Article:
Industry and Competition

The U.S. bedding industry is a mature and generally stable industry. According to the International Sleep Products Association (“ISPA”), since 1984 the bedding manufacturing industry has consistently demonstrated growth on a dollar basis, with a 0.3% decline in 2001, 9.1% decline in 2008 and 9.0% decline in 2009 being the only exceptions. According to ISPA, industry wholesale shipments of mattresses and foundations were estimated to be $7.0 billion in 2013 compared to $6.8 billion in 2012. We estimate that traditional innerspring mattresses represent approximately 68% of total U.S. bedding sales (based on 2012 sales). Furniture/Today, a furniture industry trade publication, has ranked Select Comfort as the fifth largest mattress manufacturer and third largest U.S. bedding retailer for 2012, with a 5.2% market share of industry revenue and 1.6% market share of industry units.

Over the 5-year, 10-year and 20-year periods ended 2013, the value of U.S. wholesale bedding shipments increased at compound annual growth rates of 2.2%, 3.1% and 4.7%, respectively. We believe that industry unit growth has been primarily driven by

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population growth, an increase in the number of homes (including secondary residences) and the increased size of homes. We believe growth in average wholesale prices resulted from a shift to both larger and higher quality beds, which are typically more expensive.

The bedding industry is very competitive. Participants in the bedding industry compete primarily on price, quality, brand name recognition, product availability and product performance, including the perceived levels of comfort and support provided by a mattress. There is a high degree of concentration among the largest manufacturers of innerspring bedding with nationally recognized brand names, including Sealy, Stearns & Foster, Serta and Simmons. Numerous other manufacturers, primarily operating on a regional or niche basis, serve the balance of the innerspring bedding market. During 2013, Tempur-Pedic completed the acquisition of Sealy and now offers an air-supported mattress. Tempur Sealy International, Inc., the fourth largest bedding manufacturer (based on 2012 sales, prior to the acquisition of Sealy), and a number of other mattress manufacturers, offer foam mattress products. Simmons and Sealy, as well as a number of smaller manufacturers, have offered air-bed products in the past. The retail bedding industry is also highly competitive. Our Company-Controlled distribution channel, which includes our retail stores, competes against regional and local specialty bedding retailers, home furnishing stores, mass merchants and national discount stores. We compete principally on the differentiation and quality of our products, customer service and value pricing.

Governmental Regulation and Environmental Matters

Our operations are subject to federal and state consumer protection and other regulations relating to the bedding industry. These regulations vary among the jurisdictions in which we do business, but generally impose requirements as to the proper labeling of bedding merchandise.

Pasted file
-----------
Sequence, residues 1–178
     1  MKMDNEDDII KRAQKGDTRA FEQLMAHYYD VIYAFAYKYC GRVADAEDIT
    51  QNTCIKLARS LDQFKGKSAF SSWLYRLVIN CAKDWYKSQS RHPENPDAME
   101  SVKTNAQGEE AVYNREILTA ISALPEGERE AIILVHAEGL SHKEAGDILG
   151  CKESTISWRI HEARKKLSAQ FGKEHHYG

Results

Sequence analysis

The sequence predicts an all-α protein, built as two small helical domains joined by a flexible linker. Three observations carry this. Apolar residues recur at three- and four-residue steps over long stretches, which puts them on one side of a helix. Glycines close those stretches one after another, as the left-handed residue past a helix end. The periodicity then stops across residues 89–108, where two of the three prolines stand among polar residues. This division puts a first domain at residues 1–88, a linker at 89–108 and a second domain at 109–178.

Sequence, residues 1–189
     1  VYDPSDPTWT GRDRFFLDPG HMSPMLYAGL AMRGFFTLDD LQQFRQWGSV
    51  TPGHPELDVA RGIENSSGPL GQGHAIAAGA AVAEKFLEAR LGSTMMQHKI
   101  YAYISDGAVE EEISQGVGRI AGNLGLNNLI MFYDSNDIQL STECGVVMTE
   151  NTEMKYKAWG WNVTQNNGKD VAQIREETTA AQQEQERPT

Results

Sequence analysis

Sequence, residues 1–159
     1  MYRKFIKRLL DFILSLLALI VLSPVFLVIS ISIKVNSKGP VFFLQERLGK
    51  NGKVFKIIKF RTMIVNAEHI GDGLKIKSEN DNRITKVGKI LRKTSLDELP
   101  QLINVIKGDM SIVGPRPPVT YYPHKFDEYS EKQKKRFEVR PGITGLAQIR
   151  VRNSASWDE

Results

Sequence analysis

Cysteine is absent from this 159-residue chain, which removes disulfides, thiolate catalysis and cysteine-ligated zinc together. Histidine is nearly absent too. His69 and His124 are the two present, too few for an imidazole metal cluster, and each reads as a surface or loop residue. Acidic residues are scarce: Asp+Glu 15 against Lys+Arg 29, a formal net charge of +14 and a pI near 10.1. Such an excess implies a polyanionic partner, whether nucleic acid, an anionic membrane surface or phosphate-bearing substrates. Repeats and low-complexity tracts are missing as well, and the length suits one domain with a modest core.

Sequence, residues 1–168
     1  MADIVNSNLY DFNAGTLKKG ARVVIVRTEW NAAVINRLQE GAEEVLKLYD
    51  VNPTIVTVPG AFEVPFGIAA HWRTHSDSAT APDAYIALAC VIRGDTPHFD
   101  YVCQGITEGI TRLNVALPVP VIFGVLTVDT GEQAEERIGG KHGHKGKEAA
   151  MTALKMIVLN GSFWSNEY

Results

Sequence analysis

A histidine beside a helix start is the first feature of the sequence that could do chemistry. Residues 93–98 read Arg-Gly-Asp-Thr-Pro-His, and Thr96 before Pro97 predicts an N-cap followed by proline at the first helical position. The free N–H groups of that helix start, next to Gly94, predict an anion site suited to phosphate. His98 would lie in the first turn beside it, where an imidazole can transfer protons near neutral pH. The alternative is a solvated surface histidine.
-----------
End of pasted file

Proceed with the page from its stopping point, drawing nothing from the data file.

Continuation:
The bedding industry is subject to federal fire retardant standards developed by the U.S. Consumer Product Safety Commission, which became effective nationwide in July 2007. Compliance with these requirements has increased the cost and complexity of manufacturing our products. These regulations also result in higher product development costs as new products must undergo rigorous flammability testing.
 
Federal regulations adopted in 2010 restrict the types of credit-based promotional offerings that retailers are allowed to make available to consumers.

Our direct marketing and internet-based marketing operations are or may become subject to various adopted or proposed federal and state “do not call” and “do not mail” list requirements, limiting our ability to market our products directly to consumers over the telephone, by e-mail or by regular mail.  Additionally, existing federal laws governing telephone and mail order sales may be extended to encompass all internet sales, imposing compliance obligations on the timing of shipments as well as provisions of refunds to consumers.

We are subject to emerging federal, state and foreign data privacy regulations related to the safeguarding of sensitive customer and employee data, which may drive increased costs in our information systems infrastructure.

We are subject to federal and state labor laws, including but not limited to laws relating to occupational health and safety, employee privacy, wages and hours, overtime pay, harassment and discrimination, equal opportunity, and employee leaves and benefits.

We are subject to federal and state laws and regulations relating to pollution and environmental protection. We may also be subject to similar laws in foreign jurisdictions if we expand our operations internationally.

Our retail pricing policies and practices are subject to antitrust regulations in the U.S., and we may become subject to similar laws in other jurisdictions where we may sell our products in the future.

We are or may become subject to various adopted or proposed federal and state laws and regulations relating to supply chain transparency with respect to the sourcing of conflict minerals and labor conditions maintained by suppliers, which may result in increased compliance costs and increased component costs.

Adopted or proposed legislation in various states would impose responsibilities with respect to end-of-life disposal of various consumer or durable goods on the manufacturers and/or retailers of such goods, including mattresses. To the extent that any such legislation becomes effective in the states in which we sell or have sold mattresses and related products, we may be required to incur significant costs and operational changes in order to comply with these requirements, which may adversely impact our profitability, cash flows and financial condition.